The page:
13 Tips to Green Your RV Galley

In your tent camping days you threw your old pots and pans in the grub box and figured they were good enough for roughing it. Now, as RVers with a real kitchen, you're more apt to have a microwave, oven, double sink, refrigeration, and at least a small freezer.

While you want all the comforts of home, it's better for your wallet, and the environment, when you travel lean and green. To do so, outfit your RV galley to minimize disposables and reduce weight.

More: RV Checklist: What to Pack for Your Trip

1. Cast iron cookware works well on the campfire, but cast aluminum is lighter, doesn't leave rust stains and spreads heat better over a gas burner.

2. Nesting pots and bowls save space but the largest and smallest sizes may just be dead weight. Leave extras at home or buy in singles.

3. Choose plastic packaging over glass when you purchase food and beverages for your RV. Plastic weighs less and reduces breakage.

4. Water weighs 8 pounds per gallon. Ask if you can fill fresh water tanks at the campground, save highway fuel by leaving home with only enough for the journey.

5. Stock your RV pantry with powders and concentrates, instead of buying heavy beverages. RVers love the new soda "systems" that make fizzy, carbonated pop in every flavor.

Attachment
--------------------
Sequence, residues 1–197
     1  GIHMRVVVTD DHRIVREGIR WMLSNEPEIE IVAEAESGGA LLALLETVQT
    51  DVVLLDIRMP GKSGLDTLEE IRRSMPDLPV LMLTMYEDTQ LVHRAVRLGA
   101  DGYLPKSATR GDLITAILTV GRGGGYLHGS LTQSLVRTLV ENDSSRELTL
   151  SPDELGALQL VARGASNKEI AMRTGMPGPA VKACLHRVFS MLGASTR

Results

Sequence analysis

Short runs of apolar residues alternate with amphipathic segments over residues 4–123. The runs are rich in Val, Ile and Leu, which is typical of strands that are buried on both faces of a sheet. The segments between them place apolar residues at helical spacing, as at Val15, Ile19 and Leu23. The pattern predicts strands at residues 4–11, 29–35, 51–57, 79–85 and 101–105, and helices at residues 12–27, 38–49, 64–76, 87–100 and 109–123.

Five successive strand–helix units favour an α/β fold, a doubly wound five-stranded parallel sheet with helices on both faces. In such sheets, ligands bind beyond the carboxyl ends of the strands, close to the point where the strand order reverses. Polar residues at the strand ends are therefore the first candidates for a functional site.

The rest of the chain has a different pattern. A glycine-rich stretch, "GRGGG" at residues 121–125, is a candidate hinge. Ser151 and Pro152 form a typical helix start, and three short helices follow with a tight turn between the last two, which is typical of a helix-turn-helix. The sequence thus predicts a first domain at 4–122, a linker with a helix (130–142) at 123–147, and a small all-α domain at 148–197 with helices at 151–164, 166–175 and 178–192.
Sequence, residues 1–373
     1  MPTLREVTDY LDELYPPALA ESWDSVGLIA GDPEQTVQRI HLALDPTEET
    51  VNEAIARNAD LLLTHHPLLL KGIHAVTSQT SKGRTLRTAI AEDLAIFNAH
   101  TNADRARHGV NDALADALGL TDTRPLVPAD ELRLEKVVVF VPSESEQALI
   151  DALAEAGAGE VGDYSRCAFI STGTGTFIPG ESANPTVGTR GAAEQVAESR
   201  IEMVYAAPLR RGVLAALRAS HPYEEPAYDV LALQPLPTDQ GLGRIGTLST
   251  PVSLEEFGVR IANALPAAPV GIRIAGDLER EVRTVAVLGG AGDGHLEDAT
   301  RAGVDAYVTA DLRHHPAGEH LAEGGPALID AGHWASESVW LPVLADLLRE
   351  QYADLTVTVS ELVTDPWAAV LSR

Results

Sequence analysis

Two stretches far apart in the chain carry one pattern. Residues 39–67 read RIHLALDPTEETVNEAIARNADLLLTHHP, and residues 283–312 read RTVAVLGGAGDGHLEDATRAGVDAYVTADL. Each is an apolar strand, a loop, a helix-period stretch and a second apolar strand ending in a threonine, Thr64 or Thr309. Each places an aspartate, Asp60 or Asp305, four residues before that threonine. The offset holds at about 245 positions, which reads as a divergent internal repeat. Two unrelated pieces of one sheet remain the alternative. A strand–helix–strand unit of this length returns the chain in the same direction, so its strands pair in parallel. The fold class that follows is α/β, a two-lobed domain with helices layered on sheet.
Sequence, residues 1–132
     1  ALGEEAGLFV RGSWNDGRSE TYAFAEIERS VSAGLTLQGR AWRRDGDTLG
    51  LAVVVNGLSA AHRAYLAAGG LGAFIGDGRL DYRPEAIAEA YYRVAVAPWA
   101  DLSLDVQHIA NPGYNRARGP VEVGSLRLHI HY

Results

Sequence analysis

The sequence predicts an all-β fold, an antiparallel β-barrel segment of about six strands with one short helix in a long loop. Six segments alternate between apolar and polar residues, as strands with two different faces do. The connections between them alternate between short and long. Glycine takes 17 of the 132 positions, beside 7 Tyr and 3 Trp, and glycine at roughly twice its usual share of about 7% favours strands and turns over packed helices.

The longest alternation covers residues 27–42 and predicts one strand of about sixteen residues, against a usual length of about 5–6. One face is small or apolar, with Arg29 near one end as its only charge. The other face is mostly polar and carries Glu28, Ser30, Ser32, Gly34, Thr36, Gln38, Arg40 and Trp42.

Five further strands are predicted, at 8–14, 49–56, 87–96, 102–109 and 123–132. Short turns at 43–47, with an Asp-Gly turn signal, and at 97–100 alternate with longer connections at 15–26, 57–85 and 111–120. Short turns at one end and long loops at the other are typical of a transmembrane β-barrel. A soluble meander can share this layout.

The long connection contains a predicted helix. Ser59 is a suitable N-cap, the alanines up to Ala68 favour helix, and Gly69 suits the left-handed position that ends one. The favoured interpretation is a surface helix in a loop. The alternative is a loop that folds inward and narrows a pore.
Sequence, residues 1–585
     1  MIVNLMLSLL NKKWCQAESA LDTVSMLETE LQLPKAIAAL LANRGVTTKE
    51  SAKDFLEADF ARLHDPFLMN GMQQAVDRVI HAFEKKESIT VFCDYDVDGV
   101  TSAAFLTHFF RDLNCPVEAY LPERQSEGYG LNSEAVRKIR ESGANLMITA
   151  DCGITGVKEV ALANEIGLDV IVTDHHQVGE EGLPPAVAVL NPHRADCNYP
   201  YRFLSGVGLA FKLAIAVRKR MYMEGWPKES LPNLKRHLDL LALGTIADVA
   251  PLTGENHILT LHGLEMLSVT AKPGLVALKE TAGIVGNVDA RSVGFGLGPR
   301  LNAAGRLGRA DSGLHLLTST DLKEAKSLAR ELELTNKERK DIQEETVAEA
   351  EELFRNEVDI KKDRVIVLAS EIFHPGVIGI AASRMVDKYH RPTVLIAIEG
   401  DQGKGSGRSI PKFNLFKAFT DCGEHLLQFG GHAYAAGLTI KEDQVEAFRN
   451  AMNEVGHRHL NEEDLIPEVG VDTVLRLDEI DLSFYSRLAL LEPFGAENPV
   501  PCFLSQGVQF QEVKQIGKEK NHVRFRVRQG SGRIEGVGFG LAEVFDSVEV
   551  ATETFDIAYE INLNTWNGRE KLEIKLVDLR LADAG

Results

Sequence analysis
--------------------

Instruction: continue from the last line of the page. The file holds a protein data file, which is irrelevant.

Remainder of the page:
6. Make your own mixes—for biscuits, pancakes, quick breads and spice blends—at home to save money and reduce packaging. When you cut down on salt and sugar, use whole grains, and eliminate allergens such as gluten or peanuts, you eat healthier, too.

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7. Use natural cleaners that aren't made with harmful toxins, such as chlorinated phenol and formaldehyde. Natural or DIY cleaners are better for your health, and the health of plumbing in the RV and campground. For example, white vinegar or baking soda can work wonders when cleaning your RV galley.

8. A pressure cooker saves time and fuel. When your food cooks fast, the RV's air conditioning works less.

9. Many canned items, such as tuna, are now sold in pouches, which weigh less and reduce leftover waste.

More: Camping Recipe: Deconstructed Stuffed Shrimp

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